News that U.S. intelligence is increasingly certain Russian hackers interfered in the U.S. presidential election struck a major chord with Cory Gardner, the Republican U.S. senator from Colorado.
While President-elect Donald Trump was quick to mock the claims, Gardner, a warrior on cybersecurity, said they provide more evidence of an emerging threat that demands attention. Gardner also doesn't like Trump in the least, having called him a "buffoon" and urged him to drop out of the race during the campaign.
Gardner on Monday renewed his effort to create a permanent committee in the U.S. Senate to deal with cybersecurity, "narrowly focused on providing oversight of our strategy to protect sensitive data, defend our networks, and to deter malicious cyber actors."
Gardner chairs the Senate Foreign Relations Subcommittee on East Asia, the Pacific and International Cybersecurity Policy.
"Cybersecurity policy is one of the most significant and complex challenges facing Congress, yet the Senate's current structure to address cyber attacks remains inefficient," he said in a statement Monday, citing the Russian hackers as the latest example.
Gardner said Congressional Research Service indicates at least 19 standing committees in the House and Senate have held hearings related to cybersecurity.
Monday represents Gardner's latest attempt to move cybersecurity to the forefront of the political discussions about national security.
Last June, he and Sen. Mark Warner, a Democrat from Virginia, created the Senate Cybersecurity Caucus as a forum for lawmakers regardless of their committee assignments to become educated on the threats.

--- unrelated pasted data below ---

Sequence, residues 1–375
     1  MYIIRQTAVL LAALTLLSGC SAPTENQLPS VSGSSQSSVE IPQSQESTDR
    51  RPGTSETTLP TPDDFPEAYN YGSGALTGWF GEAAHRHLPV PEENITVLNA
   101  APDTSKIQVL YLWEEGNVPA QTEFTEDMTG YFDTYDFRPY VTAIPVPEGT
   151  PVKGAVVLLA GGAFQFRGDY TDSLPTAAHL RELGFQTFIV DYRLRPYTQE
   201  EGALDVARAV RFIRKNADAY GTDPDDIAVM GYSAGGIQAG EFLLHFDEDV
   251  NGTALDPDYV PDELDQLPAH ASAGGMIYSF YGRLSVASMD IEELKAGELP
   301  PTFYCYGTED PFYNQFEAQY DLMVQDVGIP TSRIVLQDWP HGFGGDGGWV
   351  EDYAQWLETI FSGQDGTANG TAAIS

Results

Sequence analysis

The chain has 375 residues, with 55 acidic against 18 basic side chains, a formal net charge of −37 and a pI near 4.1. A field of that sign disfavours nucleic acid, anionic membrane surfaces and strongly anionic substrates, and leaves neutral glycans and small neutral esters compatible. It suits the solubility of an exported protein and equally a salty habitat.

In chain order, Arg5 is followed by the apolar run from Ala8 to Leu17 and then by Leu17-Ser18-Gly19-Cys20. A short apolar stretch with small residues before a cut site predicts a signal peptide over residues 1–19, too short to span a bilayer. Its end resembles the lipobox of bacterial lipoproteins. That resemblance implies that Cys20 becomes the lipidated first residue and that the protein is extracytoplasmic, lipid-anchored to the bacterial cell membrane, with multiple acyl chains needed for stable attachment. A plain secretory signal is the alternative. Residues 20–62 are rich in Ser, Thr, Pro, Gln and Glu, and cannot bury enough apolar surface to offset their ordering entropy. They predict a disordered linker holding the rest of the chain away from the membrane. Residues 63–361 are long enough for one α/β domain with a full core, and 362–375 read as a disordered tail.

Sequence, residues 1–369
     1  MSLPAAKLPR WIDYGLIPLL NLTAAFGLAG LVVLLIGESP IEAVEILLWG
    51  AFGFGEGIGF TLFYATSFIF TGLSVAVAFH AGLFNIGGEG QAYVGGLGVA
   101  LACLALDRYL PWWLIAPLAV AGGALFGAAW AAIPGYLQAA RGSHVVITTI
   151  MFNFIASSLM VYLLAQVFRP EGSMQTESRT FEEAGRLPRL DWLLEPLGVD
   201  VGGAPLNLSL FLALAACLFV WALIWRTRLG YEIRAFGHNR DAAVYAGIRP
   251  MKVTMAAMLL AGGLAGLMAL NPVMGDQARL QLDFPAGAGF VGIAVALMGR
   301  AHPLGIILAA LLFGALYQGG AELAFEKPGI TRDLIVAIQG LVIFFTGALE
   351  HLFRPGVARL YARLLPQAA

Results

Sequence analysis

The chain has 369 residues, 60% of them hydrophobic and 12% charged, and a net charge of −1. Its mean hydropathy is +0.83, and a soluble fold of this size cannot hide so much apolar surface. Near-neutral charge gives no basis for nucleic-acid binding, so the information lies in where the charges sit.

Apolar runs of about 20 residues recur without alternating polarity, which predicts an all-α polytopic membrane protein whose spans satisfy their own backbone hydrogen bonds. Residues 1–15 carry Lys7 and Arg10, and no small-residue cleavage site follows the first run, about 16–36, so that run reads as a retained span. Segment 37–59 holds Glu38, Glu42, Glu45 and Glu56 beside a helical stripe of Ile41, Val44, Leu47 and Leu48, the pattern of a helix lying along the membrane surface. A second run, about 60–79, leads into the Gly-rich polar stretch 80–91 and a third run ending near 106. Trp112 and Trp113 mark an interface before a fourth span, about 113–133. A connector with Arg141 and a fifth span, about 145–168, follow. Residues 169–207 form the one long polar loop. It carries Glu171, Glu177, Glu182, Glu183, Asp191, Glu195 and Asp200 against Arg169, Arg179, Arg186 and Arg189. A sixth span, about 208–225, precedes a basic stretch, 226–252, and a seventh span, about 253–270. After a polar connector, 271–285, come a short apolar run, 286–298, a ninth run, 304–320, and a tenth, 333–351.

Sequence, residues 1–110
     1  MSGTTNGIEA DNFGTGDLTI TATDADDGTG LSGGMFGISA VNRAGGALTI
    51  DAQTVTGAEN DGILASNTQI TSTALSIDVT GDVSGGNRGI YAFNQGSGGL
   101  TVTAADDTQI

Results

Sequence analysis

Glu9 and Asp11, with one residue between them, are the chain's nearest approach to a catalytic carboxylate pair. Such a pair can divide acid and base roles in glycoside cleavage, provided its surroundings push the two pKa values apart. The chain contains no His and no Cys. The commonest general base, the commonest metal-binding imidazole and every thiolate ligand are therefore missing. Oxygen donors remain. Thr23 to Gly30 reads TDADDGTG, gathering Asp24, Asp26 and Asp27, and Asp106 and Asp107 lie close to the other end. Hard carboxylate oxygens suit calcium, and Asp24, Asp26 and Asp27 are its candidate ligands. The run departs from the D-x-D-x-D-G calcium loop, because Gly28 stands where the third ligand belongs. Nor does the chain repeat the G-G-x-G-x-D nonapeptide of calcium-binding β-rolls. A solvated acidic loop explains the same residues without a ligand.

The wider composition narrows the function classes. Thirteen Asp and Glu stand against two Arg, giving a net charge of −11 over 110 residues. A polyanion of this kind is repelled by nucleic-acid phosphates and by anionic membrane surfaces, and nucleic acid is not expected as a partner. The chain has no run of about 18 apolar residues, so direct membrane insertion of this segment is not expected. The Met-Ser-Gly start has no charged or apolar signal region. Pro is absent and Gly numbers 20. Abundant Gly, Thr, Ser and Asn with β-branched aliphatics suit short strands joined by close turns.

"Cybersecurity is one of the most serious economic and national security challenges we face as a nation, and both the private and the public sector need to be better prepared to address the escalating threat from cyberattacks." Warner, a former technology executive and member of the Senate Intelligence Committee, said at the time.
"So far this Congress, nine Senate committees have held hearings on this issue, focusing on aspects as diverse as protecting taxpayer information from cyber theft, the development of deterrent technologies targeted at foreign actors, and the need to secure our infrastructure against intrusion," Warner said.
"These hearings provide useful insight into the many aspects of our cyber vulnerability. However, the attack surface is rapidly expanding, and the cyber threat is a systemic one."
The issue has a major focus in Colorado Springs. The nonprofit National Cybersecurity Center opened Nov. 1 in a former manufacturing plant near the University of Colorado at Colorado Springs. The legislature in April provided $8 million to renovate the site with the idea that the emerging cybersecurity industry will become an economic driver for the state.
The center's mission is "develop workforce, collaborate with the private sector, military and federal agencies, and support and educate the public sector to better protect our cities, states and national assets," according to its website,
Colorado Springs is home to about 100 cybersecurity companies, as well as a strong military investment in the issue, said Andrea Young, president and CEO of the Colorado Technology Association, which led the effort to create the National Cybersecurity Center.
She said the association supports Gardner's efforts to better-educate policymakers.
"It's a threat to so many aspects of commerce and public safety," she said. "And it's something that has to be elevated in our conversation, not just between techs but dialogue between people in positions of responsibility in business and government."